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Hypermethylation of tumor-related genes in tunisian patients with gastric carcinoma: Clinical and biological significance




Promoter hypermethylation is an alternative mechanism of gene silencing in cancers including gastric carcinoma (GC). Its affects genes with crucial functions as tumor suppressor.


DNA methylation in the promoter of P16INK4a, DAPK, retinoic acid receptor β (RARβ2), RASSF1A, and CDH1 genes was investigated in 79 Tunisian patients with GC using methylation-specific PCR.


The methylation frequencies vary from 31.6% for P16INK4a to 65.8% for RARβ2. Hypermethylation of DAPK and CDH1 was associated with tumor grade and age (P = 0.04 and 0.034) respectively, while hypermethylation of RASSF1A correlated with TNM stage (P = 0.027). The distribution of the methylated DNA at P16INK4a, DAPK, and CDH1 promoters were different in the intestinal and diffuse histotypes of GC according to TNM. Moreover, the survival rate of patients with P16INK4a methylated status was shorter than that of patients with the unmethylated status (P log rank = 0.009). On the other hand, the hypermethylation of RARβ2 correlated with COX-2 expression (P = 0.001).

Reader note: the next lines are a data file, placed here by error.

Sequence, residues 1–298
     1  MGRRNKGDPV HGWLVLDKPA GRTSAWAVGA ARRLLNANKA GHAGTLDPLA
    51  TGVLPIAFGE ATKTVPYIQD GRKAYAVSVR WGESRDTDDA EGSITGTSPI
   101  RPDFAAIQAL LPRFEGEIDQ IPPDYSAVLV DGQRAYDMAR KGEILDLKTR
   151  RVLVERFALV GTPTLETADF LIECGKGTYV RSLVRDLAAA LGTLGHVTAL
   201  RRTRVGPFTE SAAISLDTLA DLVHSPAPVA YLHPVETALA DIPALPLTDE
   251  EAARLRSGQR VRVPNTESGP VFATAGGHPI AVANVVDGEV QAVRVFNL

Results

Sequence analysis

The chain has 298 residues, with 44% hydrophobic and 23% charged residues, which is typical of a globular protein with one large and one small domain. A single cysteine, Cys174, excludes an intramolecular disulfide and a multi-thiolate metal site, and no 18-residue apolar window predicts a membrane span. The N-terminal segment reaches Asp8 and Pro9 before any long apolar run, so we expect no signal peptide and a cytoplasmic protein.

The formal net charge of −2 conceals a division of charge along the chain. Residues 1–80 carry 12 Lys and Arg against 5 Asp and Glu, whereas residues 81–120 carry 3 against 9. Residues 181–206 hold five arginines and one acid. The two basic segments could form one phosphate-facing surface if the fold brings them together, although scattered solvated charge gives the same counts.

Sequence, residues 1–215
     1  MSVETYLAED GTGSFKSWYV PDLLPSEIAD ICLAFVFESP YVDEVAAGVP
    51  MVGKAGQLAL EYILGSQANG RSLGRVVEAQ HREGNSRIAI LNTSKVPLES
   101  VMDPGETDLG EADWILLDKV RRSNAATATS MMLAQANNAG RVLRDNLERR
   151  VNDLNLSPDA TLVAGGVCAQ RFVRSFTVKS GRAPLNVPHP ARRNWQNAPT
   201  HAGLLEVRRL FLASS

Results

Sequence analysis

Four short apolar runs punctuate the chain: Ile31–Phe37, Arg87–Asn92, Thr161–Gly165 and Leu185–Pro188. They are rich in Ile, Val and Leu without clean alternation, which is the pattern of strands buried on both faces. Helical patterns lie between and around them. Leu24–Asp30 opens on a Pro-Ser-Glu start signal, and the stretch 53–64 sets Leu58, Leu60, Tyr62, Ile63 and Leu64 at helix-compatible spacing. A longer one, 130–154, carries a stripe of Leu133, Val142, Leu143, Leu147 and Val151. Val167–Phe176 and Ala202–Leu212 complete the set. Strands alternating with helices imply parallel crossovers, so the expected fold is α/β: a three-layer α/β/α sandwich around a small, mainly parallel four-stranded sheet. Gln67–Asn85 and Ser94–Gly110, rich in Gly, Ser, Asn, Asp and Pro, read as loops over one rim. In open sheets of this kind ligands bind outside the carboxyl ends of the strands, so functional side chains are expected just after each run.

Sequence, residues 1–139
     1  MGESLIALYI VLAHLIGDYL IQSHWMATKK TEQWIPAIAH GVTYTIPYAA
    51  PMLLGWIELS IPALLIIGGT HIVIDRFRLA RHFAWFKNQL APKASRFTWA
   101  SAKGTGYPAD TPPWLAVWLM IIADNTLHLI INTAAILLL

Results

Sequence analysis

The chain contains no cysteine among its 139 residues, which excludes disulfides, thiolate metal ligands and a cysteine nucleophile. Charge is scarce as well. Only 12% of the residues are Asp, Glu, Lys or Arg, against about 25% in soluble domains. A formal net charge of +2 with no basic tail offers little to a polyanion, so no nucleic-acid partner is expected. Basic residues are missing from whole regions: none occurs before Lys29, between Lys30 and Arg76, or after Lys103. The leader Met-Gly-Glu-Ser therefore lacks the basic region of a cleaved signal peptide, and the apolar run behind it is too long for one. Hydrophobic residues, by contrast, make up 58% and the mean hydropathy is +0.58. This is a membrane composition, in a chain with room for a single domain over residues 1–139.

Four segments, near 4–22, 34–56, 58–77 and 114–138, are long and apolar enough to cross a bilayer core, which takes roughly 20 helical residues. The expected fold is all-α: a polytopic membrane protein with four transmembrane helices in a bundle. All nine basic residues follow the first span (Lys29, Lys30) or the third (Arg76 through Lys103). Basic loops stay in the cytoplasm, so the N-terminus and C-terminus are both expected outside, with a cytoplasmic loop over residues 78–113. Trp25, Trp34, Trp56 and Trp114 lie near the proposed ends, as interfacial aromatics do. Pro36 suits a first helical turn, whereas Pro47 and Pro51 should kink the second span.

We showed that methylation of P16INK4a is predictive of poor prognosis and could be a useful marker. Moreover, the association between RARβ2 methylation and COX-2 expression suggests a functional link between these two proteins in gastric carcinogenesis. J. Surg. Oncol. 2011;103:687–694. © 2011 Wiley-Liss, Inc.